Berek Joselewicz

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Berek Joselewicz
Berek Joselewicz (1764–1809).jpg
Lithograph (publ. in 1904)
Born (1764-09-17)September 17, 1764
Kretinga, Samogitia, Polish-Lithuanian Commonwealth
Died May 5, 1809(1809-05-05) (aged 44)
Battle of Kock, Kock, Poland
Cause of death
Killed in action
Other names Dow Baer Joselewicz
Awards Virtuti Militari

Berek Joselewicz (1764–1809) was a Jewish-Polish merchant and a colonel of the Polish Army during the Kościuszko Uprising. Joselewicz commanded the first Jewish military formation in modern history.[1][2]

Life[edit]

Dow Baer (Berek) Joselewicz was born in Kretinga, in the county of Kowno, part of the Troki Voivodeship of the Polish-Lithuanian Commonwealth. He worked as a financial agent for a local Polish magnate, Prince Massalski, the lord of Kretinga, and bishop of Wilno. Joselewicz often traveled abroad in pursuit of various tasks, during which he learned to speak French. He spent some time in Paris during the beginning of the French Revolution, and it is thought that this may have later inspired him to join Tadeusz Kościuszko, who advocated similar causes of brotherhood and equality.

Berek Joselewicz by Juliusz Kossak

Joselewicz initially served in the Polish militia before petitioning Kościuszko for permission to form an all-Jewish unit. On September 17, 1794, Kościuszko officially announced the creation of the unit. Joselewicz, along with another Jew named Joseph Aronowicz, issued a patriotic call-to-arms in Yiddish denouncing Russia and Prussia, eliciting hundreds of volunteers, mostly poor tradeworkers and artisans. Five hundred men were eventually accepted and formed into a cavalry regiment. At Joselewicz's request, they were allowed to keep their religious customs, including access to kosher food, abstaining from combat on the Sabbath when possible, and growing their beards. Joselewicz's unit was popularly known as "the Beardlings". They took part in the 1794 defence of Praga, in which the unit was wiped out, with only few men (including Joselewicz) surviving the battle. Joselewicz himself was taken prisoner by the Russians.[1]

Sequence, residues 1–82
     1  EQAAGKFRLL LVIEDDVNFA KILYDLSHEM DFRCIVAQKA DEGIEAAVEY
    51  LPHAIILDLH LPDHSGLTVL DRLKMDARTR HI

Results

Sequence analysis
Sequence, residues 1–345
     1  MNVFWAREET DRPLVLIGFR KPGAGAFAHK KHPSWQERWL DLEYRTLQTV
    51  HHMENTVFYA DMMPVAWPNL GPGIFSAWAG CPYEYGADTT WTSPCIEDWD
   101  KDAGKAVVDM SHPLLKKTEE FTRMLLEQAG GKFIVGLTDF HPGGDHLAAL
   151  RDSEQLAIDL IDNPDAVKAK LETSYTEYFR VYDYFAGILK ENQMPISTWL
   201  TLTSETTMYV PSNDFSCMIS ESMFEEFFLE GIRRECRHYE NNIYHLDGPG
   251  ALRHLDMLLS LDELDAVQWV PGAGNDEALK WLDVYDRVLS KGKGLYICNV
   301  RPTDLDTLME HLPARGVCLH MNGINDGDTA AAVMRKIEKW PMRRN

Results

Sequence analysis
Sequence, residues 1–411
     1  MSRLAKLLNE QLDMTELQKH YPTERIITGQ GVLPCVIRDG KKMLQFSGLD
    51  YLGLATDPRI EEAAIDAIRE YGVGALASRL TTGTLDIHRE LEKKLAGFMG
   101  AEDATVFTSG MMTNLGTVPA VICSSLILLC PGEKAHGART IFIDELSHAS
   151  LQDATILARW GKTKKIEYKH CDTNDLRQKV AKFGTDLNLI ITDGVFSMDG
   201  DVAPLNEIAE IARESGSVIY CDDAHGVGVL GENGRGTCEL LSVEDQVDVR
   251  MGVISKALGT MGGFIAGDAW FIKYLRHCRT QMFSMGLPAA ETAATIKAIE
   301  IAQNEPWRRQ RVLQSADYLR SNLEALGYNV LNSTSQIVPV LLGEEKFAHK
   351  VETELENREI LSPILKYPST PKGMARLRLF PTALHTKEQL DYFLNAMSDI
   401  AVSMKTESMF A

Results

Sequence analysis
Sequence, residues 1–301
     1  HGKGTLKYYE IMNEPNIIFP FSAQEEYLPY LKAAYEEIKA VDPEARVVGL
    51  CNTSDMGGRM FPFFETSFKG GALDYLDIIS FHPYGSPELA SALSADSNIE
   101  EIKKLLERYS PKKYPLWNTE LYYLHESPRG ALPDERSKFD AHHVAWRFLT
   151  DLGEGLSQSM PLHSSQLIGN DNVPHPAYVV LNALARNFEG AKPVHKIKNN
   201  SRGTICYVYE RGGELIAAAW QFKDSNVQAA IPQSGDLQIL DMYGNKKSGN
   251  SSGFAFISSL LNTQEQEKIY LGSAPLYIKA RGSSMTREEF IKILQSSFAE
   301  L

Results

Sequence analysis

After the defeat of the Kościuszko Uprising, Joselewicz left for Galicia and then for Italy. There he joined the Polish Legions under Henryk Dąbrowski. As a commander of a sabre company in Polish cavalry units, he fought in various battles of the Napoleonic period. Among them were the battles of Trevia, Novi, Hohenlinden, Austerlitz and Friedland. He was awarded the Knight's Cross of the Virtuti Militari medal and the Legion of Honour with a Golden Cross for his merits. He remained in the army as squadron leader in the 5th Mounted Riflemen Regiment following the constitution of the Duchy of Warsaw (Księstwo Warszawskie) in 1807. From 1807 he fought in various battles in Poland. He was killed in the Battle of Kock in 1809 during an encounter with a unit of Austrian hussars, and today his grave has become a popular tourist attraction.

Berek's son, Josef Berkowicz (1789–1846), also fought in the Battle of Kock, and later served as a squadron chief during the November Uprising of 1830, during which he also attempted to convince Jewish soldiers to desert the Russian army and join the Poles. Berkowicz later moved to England and wrote a novel. Berek's widow and son had received a pension until 1831.

The common Polish expression "like Berek at Kock" ("Jak Berek pod Kockiem.") commonly describes a hopeless situation to this day.

He was honored by a postage stamp as a "A Jewish Fighter for Polish Freedom", issued jointly by Polish and Israeli postal services.

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